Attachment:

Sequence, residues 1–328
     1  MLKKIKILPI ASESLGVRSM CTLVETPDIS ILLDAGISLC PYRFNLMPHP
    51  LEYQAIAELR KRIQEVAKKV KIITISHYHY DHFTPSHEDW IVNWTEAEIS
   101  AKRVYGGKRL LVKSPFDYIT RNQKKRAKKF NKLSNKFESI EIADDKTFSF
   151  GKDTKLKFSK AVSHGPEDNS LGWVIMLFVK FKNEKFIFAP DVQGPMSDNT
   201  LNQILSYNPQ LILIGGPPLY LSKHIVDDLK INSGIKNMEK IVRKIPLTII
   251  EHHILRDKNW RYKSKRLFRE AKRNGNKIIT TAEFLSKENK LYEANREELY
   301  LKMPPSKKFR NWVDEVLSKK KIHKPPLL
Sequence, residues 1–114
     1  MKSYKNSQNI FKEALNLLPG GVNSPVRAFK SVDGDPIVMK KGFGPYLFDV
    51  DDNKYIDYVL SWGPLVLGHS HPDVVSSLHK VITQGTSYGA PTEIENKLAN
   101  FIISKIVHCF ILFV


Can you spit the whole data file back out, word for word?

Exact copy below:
Sequence, residues 1–328
     1  MLKKIKILPI ASESLGVRSM CTLVETPDIS ILLDAGISLC PYRFNLMPHP
    51  LEYQAIAELR KRIQEVAKKV KIITISHYHY DHFTPSHEDW IVNWTEAEIS
   101  AKRVYGGKRL LVKSPFDYIT RNQKKRAKKF NKLSNKFESI EIADDKTFSF
   151  GKDTKLKFSK AVSHGPEDNS LGWVIMLFVK FKNEKFIFAP DVQGPMSDNT
   201  LNQILSYNPQ LILIGGPPLY LSKHIVDDLK INSGIKNMEK IVRKIPLTII
   251  EHHILRDKNW RYKSKRLFRE AKRNGNKIIT TAEFLSKENK LYEANREELY
   301  LKMPPSKKFR NWVDEVLSKK KIHKPPLL
Sequence, residues 1–114
     1  MKSYKNSQNI FKEALNLLPG GVNSPVRAFK SVDGDPIVMK KGFGPYLFDV
    51  DDNKYIDYVL SWGPLVLGHS HPDVVSSLHK VITQGTSYGA PTEIENKLAN
   101  FIISKIVHCF ILFV